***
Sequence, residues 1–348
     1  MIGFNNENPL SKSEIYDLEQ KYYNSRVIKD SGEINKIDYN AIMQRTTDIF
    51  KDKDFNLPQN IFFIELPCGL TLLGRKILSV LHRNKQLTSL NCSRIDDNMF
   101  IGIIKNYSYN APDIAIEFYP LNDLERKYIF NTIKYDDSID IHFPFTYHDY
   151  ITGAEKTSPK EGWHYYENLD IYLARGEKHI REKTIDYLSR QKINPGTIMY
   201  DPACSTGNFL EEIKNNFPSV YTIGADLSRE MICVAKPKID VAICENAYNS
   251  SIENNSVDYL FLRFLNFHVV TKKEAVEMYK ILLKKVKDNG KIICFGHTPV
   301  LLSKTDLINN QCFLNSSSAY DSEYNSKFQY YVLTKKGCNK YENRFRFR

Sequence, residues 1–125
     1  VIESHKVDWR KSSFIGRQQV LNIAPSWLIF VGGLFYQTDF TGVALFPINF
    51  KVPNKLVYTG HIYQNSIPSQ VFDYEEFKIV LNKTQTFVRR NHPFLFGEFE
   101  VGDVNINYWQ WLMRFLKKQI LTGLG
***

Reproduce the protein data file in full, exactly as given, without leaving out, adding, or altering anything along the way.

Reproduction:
Sequence, residues 1–348
     1  MIGFNNENPL SKSEIYDLEQ KYYNSRVIKD SGEINKIDYN AIMQRTTDIF
    51  KDKDFNLPQN IFFIELPCGL TLLGRKILSV LHRNKQLTSL NCSRIDDNMF
   101  IGIIKNYSYN APDIAIEFYP LNDLERKYIF NTIKYDDSID IHFPFTYHDY
   151  ITGAEKTSPK EGWHYYENLD IYLARGEKHI REKTIDYLSR QKINPGTIMY
   201  DPACSTGNFL EEIKNNFPSV YTIGADLSRE MICVAKPKID VAICENAYNS
   251  SIENNSVDYL FLRFLNFHVV TKKEAVEMYK ILLKKVKDNG KIICFGHTPV
   301  LLSKTDLINN QCFLNSSSAY DSEYNSKFQY YVLTKKGCNK YENRFRFR

Sequence, residues 1–125
     1  VIESHKVDWR KSSFIGRQQV LNIAPSWLIF VGGLFYQTDF TGVALFPINF
    51  KVPNKLVYTG HIYQNSIPSQ VFDYEEFKIV LNKTQTFVRR NHPFLFGEFE
   101  VGDVNINYWQ WLMRFLKKQI LTGLG